Facing severe labor shortages in many industries, Japan’s Immigration Office plans to allow all foreign skilled workers eligible for the “Specified Skilled Worker” visa to remain in the country indefinitely, starting in 2022. is according to the Nikkei newspaper.
If implemented, it would represent a major policy change as until now, under the specified skilled worker visa, only workers in the construction and shipbuilding sectors were qualified to extend their visa indefinitely. Employees in other industries could only renew their visa for a maximum of five years and were not allowed to bring family members with them. The change would essentially open a path to permanent residence for skilled workers.
The Specified Skilled Worker visa was implemented in April 2019 in an effort to address Japan’s severe labor shortages by accepting experienced foreign workers with specific expertise and skills in 14 designated industries:
- Building cleaning management
- Machine parts and tool industries
- Industrial Machinery Industry
- Electrical, Electronic and Information Industry
- Construction industry
- Shipbuilding and ship machinery industry
- Repair and maintenance of cars
- Aviation industry
- Accommodation industry
- Fisheries and Aquaculture
- Manufacture of food and beverages
- Food service industry
The visa is divided into two categories, “Specified Skills No. 1” and “Specified Skills No. 2”.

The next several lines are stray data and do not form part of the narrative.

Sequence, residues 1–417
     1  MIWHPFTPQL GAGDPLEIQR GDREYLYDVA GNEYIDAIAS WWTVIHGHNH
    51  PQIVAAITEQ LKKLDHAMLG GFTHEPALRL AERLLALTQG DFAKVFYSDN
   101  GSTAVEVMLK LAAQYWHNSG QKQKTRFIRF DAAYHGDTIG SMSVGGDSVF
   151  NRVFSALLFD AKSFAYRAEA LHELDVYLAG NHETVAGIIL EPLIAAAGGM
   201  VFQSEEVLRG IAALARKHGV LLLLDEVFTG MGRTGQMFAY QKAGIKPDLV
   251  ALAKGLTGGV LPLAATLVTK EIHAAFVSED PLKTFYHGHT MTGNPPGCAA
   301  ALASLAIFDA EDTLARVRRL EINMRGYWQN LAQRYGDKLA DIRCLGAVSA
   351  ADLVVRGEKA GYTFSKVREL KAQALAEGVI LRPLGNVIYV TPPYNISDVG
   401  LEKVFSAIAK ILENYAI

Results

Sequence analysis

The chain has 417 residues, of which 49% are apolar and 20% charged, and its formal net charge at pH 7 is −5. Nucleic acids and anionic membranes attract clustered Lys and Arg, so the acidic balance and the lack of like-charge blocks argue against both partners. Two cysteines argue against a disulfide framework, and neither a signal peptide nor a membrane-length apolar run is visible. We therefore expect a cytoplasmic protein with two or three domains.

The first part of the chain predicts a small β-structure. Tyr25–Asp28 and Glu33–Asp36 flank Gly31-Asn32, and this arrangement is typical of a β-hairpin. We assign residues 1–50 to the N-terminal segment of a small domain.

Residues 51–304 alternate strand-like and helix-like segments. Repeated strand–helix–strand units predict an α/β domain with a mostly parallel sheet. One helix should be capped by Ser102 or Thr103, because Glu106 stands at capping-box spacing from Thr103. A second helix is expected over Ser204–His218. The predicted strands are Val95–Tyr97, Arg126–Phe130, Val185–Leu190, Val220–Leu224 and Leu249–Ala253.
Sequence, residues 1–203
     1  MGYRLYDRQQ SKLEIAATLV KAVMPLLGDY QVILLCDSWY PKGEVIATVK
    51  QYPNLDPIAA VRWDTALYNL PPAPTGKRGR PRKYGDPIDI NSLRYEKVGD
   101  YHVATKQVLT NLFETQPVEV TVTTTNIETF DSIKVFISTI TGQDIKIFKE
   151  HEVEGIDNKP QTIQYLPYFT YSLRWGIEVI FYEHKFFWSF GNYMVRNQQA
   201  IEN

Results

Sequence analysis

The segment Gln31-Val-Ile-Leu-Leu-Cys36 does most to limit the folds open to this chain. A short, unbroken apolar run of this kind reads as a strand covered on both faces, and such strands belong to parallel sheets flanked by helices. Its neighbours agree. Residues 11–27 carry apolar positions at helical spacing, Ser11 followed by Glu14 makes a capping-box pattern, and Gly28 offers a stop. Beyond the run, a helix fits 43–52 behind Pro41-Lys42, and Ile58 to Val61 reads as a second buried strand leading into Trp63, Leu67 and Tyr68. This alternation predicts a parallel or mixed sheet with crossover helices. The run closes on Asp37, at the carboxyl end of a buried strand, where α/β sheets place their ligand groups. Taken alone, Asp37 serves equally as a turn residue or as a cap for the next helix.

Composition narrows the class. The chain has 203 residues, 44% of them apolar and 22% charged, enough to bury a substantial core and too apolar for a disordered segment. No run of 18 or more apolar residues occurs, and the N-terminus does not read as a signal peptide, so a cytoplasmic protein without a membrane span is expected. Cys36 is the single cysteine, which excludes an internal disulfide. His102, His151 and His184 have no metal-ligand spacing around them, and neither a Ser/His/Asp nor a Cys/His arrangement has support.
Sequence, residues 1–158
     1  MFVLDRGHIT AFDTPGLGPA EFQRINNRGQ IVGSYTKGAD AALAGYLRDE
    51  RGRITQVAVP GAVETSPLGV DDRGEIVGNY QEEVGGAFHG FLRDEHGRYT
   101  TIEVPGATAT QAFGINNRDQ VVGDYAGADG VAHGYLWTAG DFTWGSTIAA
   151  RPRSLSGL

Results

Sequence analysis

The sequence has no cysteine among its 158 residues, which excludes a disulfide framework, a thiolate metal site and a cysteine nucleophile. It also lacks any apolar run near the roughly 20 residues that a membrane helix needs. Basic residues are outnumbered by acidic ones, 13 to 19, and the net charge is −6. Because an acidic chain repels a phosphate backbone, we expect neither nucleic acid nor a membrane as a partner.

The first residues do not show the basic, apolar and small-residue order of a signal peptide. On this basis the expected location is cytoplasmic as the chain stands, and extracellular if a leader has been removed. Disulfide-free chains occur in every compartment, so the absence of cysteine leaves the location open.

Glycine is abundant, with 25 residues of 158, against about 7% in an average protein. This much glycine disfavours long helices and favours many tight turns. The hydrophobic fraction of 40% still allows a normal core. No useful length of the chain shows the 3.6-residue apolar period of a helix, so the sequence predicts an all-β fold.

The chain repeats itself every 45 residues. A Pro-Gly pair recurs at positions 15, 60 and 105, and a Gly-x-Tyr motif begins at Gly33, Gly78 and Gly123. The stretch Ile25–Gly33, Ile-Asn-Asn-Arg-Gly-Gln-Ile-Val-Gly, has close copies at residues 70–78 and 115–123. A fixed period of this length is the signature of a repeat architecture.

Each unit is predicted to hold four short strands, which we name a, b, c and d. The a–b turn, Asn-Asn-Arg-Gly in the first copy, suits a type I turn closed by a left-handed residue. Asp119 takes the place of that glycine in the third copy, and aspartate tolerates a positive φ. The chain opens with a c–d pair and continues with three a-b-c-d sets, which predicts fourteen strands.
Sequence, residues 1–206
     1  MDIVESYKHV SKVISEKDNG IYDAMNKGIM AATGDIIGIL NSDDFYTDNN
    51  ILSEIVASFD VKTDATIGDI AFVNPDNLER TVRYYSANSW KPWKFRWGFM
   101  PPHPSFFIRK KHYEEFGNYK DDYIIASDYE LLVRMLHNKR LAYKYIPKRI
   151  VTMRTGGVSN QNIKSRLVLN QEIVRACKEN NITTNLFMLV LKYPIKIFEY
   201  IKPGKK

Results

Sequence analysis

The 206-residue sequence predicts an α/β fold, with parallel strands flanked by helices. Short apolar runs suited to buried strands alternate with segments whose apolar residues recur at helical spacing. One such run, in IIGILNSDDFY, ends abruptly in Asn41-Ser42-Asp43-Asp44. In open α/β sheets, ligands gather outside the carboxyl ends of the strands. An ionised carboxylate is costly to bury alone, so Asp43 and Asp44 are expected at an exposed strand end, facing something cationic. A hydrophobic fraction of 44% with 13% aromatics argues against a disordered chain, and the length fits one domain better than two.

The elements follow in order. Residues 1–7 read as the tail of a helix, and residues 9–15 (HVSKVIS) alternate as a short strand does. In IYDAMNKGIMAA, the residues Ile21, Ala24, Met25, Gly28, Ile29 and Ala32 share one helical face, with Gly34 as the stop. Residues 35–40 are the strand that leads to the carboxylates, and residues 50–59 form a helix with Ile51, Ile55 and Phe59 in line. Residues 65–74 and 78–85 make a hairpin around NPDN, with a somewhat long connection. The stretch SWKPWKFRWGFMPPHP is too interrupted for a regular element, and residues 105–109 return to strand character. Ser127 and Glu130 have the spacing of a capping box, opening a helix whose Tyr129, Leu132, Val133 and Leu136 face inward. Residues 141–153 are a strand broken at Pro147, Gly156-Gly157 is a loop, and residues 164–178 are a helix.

The Specified Skills No. 2 visa is the more privileged of the two and is reserved for employees with more advanced skills in their particular industry. It allows employees to extend their visa indefinitely and bring family members to Japan.
Employees eligible for the No. 1 Specified Skills Visa can stay in Japan for up to five years and are not allowed to bring any family members with them. The policy change would essentially lift the five-year cap. These foreign nationals would also meet a requirement to obtain permanent residency if they lived in Japan for ten years.
Japan has a strict immigration policy. In October 2020, there were about 1.72 million foreign workers in the country, of whom about 35,000 were here on the Specified Skilled Worker visa.
When the system for specific skilled workers was launched, the Immigration Services Agency estimated that there would be a shortage of 345,000 workers by FY2023. Currently, about 3,000 people per month are admitted to Japan under this visa status. If the policy change to lift the five-year cap is implemented, this number is estimated to rise to around 300,000 by the second half of the decade.
However, there is a deep-rooted view among conservatives in the Liberal Democrat Party that the extension of long-term employment and permanent residence by foreigners can lead to the de facto acceptance of immigration. The Nikkei reports that for this reason, the plan to change the Specified Skilled Worker visa may not go ahead.
Currently, the Immigration Services Agency and the various ministries that regulate the industries involved take into account the aptitude tests that visa applicants have to pass as a prerequisite for qualification. An official decision would come in March 2022 and be announced by ministerial regulation.
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